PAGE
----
How to deal with racist remarks made by colleagues, teachers, students, or friends? What options regarding racism-critical academic work and learning do I have?

This workshop aims to address different mechanisms of racism, especially concerning an academic environment, to provide space to put individual experiences with racism into context. For further discussion, Critical Whiteness as a concept, attitude and position will be introduced and worked with.

Even though this workshop is conceptualized as an introduction, it is thought to offer many points of connection to persons who are in different stage of their anti-racist development/ who already have experience in antiracist work.

For a part of this workshop, separate spaces will be offered by the speakers to provide room for exchange for participants with personal experiences of racial discrimination (Black persons and persons of Color who are not considered white and German) and participants with experiences of discrimination due to their biography of (family) migration.

 

KARFI – Black Collective for Empowerment and Racism-Critical Education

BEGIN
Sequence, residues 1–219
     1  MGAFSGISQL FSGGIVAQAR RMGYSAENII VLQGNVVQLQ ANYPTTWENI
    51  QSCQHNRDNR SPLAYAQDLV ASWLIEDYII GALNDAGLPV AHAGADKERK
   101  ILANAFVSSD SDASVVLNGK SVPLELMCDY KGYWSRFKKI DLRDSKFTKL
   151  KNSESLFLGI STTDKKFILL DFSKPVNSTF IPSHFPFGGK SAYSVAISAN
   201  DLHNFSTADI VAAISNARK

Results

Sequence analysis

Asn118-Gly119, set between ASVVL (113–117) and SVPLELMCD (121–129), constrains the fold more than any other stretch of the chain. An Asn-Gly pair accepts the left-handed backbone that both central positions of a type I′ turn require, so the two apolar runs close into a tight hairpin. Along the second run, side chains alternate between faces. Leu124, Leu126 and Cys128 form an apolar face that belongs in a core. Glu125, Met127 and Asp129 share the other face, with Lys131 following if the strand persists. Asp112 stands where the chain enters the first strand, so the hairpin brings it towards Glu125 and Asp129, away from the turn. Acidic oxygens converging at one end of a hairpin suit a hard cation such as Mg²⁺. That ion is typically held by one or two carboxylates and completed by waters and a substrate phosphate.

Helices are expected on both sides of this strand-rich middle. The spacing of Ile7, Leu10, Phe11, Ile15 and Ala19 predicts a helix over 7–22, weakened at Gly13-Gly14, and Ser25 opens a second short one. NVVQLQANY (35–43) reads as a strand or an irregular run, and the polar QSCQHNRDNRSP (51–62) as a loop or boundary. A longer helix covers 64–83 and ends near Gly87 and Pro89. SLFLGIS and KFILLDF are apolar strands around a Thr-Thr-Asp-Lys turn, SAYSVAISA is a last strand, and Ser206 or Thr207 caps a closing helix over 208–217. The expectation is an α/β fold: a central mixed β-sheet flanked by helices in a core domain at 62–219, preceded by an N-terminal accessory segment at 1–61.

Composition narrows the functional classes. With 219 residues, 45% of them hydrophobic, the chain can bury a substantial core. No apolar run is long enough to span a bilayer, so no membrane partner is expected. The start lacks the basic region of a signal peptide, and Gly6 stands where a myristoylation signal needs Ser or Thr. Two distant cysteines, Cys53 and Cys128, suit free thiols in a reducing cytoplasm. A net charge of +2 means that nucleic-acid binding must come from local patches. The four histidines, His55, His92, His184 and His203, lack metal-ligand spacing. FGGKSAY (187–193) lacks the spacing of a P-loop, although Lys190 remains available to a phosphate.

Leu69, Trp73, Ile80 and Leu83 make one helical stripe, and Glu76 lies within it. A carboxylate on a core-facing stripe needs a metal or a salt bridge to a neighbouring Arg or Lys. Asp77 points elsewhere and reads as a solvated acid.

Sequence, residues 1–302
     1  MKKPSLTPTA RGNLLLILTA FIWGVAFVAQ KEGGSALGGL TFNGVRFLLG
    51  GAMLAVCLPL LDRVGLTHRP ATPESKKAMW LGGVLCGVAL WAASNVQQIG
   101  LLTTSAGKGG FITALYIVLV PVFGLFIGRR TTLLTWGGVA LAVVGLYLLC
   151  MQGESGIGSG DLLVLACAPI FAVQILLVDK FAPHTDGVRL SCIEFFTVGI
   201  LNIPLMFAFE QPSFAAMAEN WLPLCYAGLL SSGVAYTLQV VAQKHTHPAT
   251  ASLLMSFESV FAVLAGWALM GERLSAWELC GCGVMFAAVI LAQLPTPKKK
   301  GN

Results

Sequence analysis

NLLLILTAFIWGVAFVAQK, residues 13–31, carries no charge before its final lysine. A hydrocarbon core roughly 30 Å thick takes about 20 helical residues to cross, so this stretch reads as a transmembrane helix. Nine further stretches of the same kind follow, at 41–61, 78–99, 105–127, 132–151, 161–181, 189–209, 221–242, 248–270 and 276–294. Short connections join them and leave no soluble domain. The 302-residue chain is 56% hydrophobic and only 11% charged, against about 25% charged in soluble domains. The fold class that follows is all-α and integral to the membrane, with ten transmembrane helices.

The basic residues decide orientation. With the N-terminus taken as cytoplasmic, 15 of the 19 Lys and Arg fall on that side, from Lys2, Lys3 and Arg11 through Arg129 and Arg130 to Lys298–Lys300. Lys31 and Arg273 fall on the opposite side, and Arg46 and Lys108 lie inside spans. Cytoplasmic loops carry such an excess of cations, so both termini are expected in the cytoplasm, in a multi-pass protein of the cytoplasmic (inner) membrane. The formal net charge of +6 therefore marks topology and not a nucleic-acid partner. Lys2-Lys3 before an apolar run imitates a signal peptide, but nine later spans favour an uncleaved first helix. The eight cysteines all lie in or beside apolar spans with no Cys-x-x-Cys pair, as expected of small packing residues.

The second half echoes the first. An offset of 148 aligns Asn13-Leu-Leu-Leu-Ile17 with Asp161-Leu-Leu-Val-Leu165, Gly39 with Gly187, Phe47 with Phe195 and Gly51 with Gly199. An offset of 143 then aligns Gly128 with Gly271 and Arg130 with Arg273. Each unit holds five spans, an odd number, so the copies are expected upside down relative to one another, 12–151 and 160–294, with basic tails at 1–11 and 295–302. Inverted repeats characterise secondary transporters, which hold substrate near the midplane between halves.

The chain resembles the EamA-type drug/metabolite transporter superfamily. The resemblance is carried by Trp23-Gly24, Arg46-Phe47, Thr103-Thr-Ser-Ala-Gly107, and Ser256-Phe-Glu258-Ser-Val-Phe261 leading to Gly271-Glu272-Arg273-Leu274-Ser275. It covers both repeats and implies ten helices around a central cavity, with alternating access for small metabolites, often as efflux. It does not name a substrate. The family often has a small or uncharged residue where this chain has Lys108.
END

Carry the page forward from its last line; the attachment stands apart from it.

“Empowerment against and raising awareness on racism is how the work of KARFI can be described best. As an association of three Black women, the educational collective offers workshops, lectures, and process support on living and working critically of racism. KARFI combines perspectives from counseling and educational practice, critical social sciences, and Black political activism.”

 

Texts:

Nadine Golly, Ilinda Bendler (2021): „Empowerment. Selbstermächtigung. Ein politisches und emanzipatives Konzept zur Schaffung eigener Räume und Narrative.“ In: Karim Fereidooni / Stefan E. Hößl (Hg.): Rassismuskritische Bildungsarbeit. Reflexionen zu Theorie und Praxis. Wochenschau Verlag.

Ilinda Bendler, Laura Digoh-Ersoy, Nadine Golly (2019): „Wechselnde Allianzen - rassismuskritische Bildungsarbeit in einem Schwarzen Bündnis.“ In: Jule Bönkost (Hg.): Unteilbar. Bündnisse gegen Rassismus. Unrast Verlag.

 

Registration via Juliane Biewald (juliane.biewald@student.uni-siegen.de)

Venue